Too often, it seems, Jazz forward Carlos Boozer leaves the leading to teammate Deron Williams (right). Perhaps that's natural since Williams is the point guard who runs the offense. But Boozer is in his seventh season and the Jazz should be drawing much of its energy from his physical inside play. That didn't happen in Utah's first-round series against the Houston Rockets, and it didn't happen in either Games 1 or 2 of this series, in which he was relatively quiet with 15 and 10 points. But it happened on Friday night and that was the major reason the Jazz emerged with a 104-99 victory that might've put them back in the series. "We were expecting he'd have a monster game sometime," said Kobe Bryant. Boozer finished with 27 points and 20 rebounds, finding space to operate amid the seven-foot Laker trees (Lamar Odom and Pau Gasol) and repeatedly beating them to the ball. "I tried to stop thinking so much out there," said Boozer. "I had put a lot of pressure on myself. So I just wanted to bring energy and passion." And 40 winks, also. After playing poorly in Game 2, he said he didn't get to sleep until 6 a.m. "I'll sleep better tonight," he said, "but I'm still going to watch a tape of the game."
The Jazz didn't let Kobe Bryant totally dominate the game, though he came close, finishing with a game-high 34 points and seven assists. But he made at least three plays that no one else on the planet could've made ... unless Michael Jordan climbs into a time machine and gets back in a uniform. During a frenetic trip toward the hoop with the shot clock running down in the third period, Bryant went up for a jump shot but passed off to a wide-open Rony Turiaf at the last moment for a basket. How he knew there was enough time to make the pass is anyone's guess. In the fourth period, he pump-faked Matt Harpring into the air, drew the foul and made the field goal. How he adjusted his shot to allow for the contact (which was significant) is anyone's guess. Minutes later, he stepped between two Jazz defenders for an awkward jumper, realized he was going to miss, then sped in for his own rebound and a follow dunk. He knew exactly where ... you get the idea. "You know me," Bryant said later, "I'll try anything."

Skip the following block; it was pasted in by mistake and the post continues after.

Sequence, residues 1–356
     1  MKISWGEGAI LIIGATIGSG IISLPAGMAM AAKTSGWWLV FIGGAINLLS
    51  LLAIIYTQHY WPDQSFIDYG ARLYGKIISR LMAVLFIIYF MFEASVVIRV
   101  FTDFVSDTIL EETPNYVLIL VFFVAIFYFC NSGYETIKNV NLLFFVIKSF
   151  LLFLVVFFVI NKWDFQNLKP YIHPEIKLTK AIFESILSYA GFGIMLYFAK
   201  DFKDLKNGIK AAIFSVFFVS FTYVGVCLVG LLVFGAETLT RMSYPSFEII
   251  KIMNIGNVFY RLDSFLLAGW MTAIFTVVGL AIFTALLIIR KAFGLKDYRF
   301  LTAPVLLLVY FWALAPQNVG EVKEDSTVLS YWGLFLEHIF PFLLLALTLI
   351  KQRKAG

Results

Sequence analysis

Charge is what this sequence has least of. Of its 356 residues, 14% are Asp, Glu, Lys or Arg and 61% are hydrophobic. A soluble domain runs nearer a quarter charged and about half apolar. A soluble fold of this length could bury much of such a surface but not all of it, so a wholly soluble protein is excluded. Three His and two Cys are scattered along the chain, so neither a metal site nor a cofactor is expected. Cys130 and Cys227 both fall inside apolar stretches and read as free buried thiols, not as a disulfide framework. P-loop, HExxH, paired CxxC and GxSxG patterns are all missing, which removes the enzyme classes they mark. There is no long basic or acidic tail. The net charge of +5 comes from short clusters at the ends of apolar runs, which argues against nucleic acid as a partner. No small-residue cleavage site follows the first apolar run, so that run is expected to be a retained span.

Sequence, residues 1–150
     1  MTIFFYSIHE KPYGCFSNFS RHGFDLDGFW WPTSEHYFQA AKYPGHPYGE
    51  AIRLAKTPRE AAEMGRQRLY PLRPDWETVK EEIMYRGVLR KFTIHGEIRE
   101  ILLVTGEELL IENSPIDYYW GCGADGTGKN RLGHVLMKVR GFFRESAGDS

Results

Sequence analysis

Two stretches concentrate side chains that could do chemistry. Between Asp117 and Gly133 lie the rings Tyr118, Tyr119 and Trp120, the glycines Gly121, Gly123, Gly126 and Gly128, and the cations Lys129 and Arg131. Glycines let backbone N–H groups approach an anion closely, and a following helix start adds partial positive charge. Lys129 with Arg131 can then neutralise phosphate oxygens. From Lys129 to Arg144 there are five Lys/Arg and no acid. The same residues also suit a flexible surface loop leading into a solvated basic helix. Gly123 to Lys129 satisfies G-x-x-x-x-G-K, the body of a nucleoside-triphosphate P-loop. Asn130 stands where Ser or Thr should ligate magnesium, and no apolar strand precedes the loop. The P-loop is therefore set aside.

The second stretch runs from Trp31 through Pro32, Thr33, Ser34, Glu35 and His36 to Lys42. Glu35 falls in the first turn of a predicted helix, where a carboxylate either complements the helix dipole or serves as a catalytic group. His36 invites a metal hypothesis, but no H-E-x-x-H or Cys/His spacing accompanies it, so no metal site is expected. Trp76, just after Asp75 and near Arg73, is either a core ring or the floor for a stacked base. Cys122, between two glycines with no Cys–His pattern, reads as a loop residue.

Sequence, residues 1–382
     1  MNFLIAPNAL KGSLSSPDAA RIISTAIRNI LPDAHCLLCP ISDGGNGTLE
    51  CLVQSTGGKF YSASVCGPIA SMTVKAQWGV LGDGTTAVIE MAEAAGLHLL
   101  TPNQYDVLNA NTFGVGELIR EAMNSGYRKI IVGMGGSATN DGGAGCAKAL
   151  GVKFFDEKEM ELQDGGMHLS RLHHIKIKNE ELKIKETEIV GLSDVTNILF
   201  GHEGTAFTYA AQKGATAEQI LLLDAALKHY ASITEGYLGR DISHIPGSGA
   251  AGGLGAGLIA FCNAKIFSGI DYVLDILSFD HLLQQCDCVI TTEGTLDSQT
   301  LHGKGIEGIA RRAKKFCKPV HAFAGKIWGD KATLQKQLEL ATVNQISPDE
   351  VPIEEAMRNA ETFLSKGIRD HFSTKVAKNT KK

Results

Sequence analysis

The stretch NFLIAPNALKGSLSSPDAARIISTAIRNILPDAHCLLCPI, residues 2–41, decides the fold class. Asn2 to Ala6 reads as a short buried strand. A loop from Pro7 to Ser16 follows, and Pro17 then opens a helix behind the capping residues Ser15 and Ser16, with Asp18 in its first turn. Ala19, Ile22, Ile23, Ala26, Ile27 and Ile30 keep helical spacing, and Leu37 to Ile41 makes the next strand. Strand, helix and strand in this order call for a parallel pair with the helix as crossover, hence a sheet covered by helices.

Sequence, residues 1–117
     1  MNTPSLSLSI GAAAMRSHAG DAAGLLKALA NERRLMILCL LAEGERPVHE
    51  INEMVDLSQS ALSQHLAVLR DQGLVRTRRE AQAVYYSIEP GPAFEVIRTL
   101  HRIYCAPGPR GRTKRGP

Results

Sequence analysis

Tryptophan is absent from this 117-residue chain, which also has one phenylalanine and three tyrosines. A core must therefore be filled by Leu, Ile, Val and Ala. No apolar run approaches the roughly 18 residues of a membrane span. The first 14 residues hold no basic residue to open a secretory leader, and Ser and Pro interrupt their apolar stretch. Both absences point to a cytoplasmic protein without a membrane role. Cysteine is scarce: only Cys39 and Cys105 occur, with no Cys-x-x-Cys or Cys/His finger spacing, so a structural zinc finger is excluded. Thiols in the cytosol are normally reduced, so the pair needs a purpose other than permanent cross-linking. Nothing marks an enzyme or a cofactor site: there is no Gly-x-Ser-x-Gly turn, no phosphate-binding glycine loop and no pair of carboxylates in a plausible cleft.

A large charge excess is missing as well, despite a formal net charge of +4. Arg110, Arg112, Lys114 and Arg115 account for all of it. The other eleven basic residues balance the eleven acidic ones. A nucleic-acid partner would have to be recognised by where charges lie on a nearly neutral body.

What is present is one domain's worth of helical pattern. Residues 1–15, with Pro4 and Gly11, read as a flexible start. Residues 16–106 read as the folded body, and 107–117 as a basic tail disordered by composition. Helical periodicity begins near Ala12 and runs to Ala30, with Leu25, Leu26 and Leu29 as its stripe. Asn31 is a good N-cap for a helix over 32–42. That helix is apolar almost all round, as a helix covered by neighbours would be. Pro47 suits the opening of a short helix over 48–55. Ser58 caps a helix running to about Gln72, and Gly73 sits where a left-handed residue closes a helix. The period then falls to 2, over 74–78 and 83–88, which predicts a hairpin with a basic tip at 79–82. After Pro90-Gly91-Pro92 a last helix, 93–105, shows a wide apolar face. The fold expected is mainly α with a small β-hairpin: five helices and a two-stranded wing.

Friday night marked the one-year anniversary of the most magical 24-hour period in the personal and professional life of Lakers guard Derek Fisher. On May 9, 2007, he began the morning in New York City by the side of his daughter, Tatum, who had successful eye surgery, and ended it back in Salt Lake City, making a key three-pointer in overtime as the Jazz beat the Golden State Warriors 127-117 Game 2 of their second-round Western playoff series. There was nothing quite so magical for Fisher in this loss. He played steadily but unspectacularly with 13 points and only two assists. And the crowd let him know it. In truth, since Fisher left the Jazz for the Lakers last July, signing a three-year deal that enabled him to be closer to the hospital that could treat his daughter, he hasn't exactly gotten the returning-hero treatment he did on 05/09/07. He was booed unmercifully when the Lakers first returned to the Energy Solutions Arena last Nov. 30 and played poorly (three points) in a 120-96 loss. When the Lakers returned on March 29, the unmerciful booing was replaced by vociferous booing, which is what he experienced on Friday night in the pregame introductions. "It's nothing I didn't expect," said Fisher.
You no doubt read about the Jazz fan -- you don't need to know his name -- who was ejected by referee Bob Delaney from a first-round series game against the Houston Rockets. It certainly didn't cause him to re-think his behavior, not that anyone expected it would.Sitting directly behind the basket at which the Lakers were shooting in the second half, the guy pulled out more props than Gallagher. With Bryant at the line, he waved a blue Jazz flag that almost touched the backboard. (Shouldn't that be illegal?) Then he waved a rubber chicken on a string. Next time Bryant was at the line, he upped the class-less ante by waving a doll a string bearing a sign that read Kobe, not room service again, a reference to Bryant's legal troubles of several years ago. Then he finished up by yelling into a giant megaphone. All I could think of was Tiger Woods backing off a putt because someone two fairways away hiccupped.
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